Questions about the Armenian economy

There is some impressive growth in the Armenian economy, the Armenian Economist (of course 🙂 ) says:

[…]Armenia’s economy has grown at double digit rates over the past five years. Construction activity accounted for much of the recent growth in the economy (see recent post). Changes in the underlying trend in construction activity and its composition over the past decade, however, may foretell further growth and expansion in the economy.[…]

However, there are questions the blogger says, and no one seems to be answering them, like: “Do we know of any studies on how labor markets are impacted by this? Also, has anyone explored the effects on future growth?” (The Armenian Economist)
iArarat has some answers about the Armenian economy – “Emigres are Armenia’s version of Oil”, the blogger hints by republishing extracts from this AFP article:

[…]One key to salvation has been a diaspora estimated at almost nine million people scattered across the United States, Russia, Europe, Asia and the Middle East.
Their donations and transfers to Armenia amounted to 1.2 billion dollars (900,000 euros) last year, an impressive chunk of the country’s 6.5-billion-dollar (five-billion-euro) GDP, economist Tigran Jrbashyan
said. “Emigres are Armenia’s version of oil.”[…]

Kornelij Glas has drawn attention to the “pointless and aggressive” competition between the mobile phone operators in Armenia (VivaCell and Armentel) as a result of which the corporate tariffs of Armentel mobile have declined 8 times. “How far below are we going?” Kornelij asks with pessimism, although it’s hard to see from his post what is so bad about having cheaper mobile service.
If competition is bad, monopoly is decidedly worse, especially natural monopolies like water provision. Raffi K. from Life in Armenia is “Waterless”:

[…]A stark reminder of this pain in the ass of life in Armenia. I am waterless today. I hate that such a simple thing, something you’d never think about in the US, and something so essential, can remain a problem for so long. They been 24/hr promising water for a good 6 years now… and not even an improvement in hours so far as I can tell.[…]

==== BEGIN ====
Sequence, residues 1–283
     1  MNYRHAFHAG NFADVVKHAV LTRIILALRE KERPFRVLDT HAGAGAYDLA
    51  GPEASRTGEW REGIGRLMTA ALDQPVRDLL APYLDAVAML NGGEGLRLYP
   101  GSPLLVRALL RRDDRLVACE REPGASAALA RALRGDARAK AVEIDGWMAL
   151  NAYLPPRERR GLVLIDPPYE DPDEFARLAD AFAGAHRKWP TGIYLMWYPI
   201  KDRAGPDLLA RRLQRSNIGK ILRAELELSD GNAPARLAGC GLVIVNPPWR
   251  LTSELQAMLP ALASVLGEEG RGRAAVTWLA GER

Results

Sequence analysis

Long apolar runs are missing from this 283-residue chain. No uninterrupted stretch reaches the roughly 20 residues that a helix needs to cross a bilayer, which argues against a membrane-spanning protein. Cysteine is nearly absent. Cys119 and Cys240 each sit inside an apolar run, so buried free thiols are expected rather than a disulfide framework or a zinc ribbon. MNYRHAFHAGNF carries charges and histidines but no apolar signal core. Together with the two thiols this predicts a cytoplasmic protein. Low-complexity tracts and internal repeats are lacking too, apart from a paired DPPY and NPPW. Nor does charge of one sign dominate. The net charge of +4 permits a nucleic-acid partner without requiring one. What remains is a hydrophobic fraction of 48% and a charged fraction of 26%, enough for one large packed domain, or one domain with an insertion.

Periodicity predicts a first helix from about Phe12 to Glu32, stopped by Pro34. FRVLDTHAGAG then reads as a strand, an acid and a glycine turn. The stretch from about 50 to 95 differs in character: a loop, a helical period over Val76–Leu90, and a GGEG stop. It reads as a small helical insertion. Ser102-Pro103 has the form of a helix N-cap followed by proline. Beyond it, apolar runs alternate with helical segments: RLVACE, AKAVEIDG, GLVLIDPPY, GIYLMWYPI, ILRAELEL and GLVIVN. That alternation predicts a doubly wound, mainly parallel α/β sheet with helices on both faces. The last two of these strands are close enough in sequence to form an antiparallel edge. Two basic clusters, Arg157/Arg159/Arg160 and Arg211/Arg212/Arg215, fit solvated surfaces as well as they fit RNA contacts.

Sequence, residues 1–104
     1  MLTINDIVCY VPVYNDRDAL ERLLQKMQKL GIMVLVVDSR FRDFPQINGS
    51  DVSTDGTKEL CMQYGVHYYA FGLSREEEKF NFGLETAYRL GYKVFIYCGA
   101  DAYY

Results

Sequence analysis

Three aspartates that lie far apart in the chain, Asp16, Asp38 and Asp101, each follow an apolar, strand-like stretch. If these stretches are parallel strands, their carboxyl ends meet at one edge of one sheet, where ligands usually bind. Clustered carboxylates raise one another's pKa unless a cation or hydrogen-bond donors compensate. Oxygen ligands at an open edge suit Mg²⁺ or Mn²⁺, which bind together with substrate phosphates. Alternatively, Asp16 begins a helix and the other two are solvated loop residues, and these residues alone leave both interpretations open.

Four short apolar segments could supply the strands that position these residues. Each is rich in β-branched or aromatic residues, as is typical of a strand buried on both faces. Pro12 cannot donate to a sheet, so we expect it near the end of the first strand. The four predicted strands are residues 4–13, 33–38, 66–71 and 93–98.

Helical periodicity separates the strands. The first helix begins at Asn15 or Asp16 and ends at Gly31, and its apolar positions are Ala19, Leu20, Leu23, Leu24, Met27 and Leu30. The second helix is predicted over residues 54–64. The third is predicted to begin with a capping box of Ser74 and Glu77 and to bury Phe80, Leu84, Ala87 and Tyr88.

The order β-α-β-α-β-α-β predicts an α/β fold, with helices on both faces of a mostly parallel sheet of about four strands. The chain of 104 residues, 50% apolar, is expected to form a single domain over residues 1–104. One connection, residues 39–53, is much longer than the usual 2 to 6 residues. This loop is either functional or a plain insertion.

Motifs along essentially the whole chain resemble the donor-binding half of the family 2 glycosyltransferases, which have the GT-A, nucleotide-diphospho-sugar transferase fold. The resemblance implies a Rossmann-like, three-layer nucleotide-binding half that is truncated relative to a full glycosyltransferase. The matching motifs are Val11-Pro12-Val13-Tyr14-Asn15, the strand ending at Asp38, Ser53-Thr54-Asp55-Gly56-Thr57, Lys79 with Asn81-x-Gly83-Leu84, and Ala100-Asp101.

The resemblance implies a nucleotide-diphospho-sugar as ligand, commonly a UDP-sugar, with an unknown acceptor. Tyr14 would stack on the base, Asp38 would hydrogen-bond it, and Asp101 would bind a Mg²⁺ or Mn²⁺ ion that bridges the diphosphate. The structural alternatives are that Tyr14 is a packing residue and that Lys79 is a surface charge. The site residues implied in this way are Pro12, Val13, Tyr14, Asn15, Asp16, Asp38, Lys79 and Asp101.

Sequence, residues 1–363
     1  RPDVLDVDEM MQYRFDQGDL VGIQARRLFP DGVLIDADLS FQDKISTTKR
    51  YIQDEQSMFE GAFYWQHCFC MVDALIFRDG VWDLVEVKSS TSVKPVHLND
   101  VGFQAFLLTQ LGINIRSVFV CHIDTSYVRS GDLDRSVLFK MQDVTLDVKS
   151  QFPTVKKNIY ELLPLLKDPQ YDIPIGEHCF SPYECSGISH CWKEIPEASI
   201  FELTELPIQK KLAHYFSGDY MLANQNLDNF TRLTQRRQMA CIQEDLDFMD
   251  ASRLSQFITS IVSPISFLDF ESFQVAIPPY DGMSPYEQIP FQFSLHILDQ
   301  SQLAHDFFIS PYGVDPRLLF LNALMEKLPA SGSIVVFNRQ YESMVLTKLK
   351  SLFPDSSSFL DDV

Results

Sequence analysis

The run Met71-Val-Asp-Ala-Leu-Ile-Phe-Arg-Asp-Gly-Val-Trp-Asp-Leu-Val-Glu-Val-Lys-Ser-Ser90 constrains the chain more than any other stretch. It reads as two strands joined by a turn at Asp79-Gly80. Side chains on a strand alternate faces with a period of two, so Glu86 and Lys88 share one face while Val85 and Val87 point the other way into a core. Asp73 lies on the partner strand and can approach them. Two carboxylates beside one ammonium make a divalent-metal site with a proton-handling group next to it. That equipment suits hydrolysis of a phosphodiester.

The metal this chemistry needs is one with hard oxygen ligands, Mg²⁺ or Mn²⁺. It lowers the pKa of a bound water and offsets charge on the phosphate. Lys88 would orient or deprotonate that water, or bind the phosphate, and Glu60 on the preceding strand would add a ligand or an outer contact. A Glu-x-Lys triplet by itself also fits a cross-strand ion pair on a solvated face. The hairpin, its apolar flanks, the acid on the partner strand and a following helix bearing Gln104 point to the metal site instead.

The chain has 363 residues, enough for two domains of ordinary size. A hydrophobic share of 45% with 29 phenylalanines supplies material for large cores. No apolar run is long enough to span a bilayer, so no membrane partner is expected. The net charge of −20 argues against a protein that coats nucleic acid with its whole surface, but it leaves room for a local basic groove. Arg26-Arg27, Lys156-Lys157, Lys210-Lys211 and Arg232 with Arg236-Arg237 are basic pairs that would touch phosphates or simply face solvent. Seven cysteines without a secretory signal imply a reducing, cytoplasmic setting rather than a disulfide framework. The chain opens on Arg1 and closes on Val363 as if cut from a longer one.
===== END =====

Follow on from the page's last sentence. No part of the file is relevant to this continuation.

How about setting up some competition in the sphere? Right! I guess I got a little bit carried away… 🙂

Parliamentary Election Monitor

Via CRD / TI Armenia Election Monitor 2007:

Writing for RFE/RL, US-Armenian analyst Richard Giragosian says that the pressure is now on for the May parliamentary election to be considered free and fair by the international community. Moreover, Giragosian argues that the conduct of the vote will determine the country’s place in the region as well as impact on its declared intent to integrate into European structures.

If the ballot proves to be only the latest in a series of flawed and tainted elections, the international response is likely to be both serious and swift. And in that case, the elections will go down in history not just as another lost opportunity for the development of real democracy in Armenia, but as a move toward further regional isolation.

Yet, while most analysts agree with such a reading of the situation, many remain skeptical that the political will to hold democratic elections exists. Instead, critics point to actions aimed at restricting the activities of the opposition which have become a standard feature of elections in Armenia in recent years, and which are seemingly once again being repeated.
Meanwhile, given the posters and banners now on display even though the official campaign period has yet to start, RFE/RL’s Press Review quotes the pro-government Hayastani Hanrapetutyun newspaper as saying that the Yerevan Municipality is already concerned about how such adverts will be removed when the election is over.

Read the full post here.

Driving in Yerevan

Bekaisa has a lively post about driving in Yerevan:

By the way – driving has become better. This is primarily because they removed GAI [the street patrol] from the streets, and secondly, although this may sound paradoxical, because of the [increased] number of cars. On all major streets of the city, in daytime especially, you have to drive calm and slow no matter how fast you want to drive. There is just no other way :)))

Bekaisa also notices, that there are now authomatic car-washes in Yerevan, one of those, where you seat in the car and drive through, while the car is being wash.

Scroll to top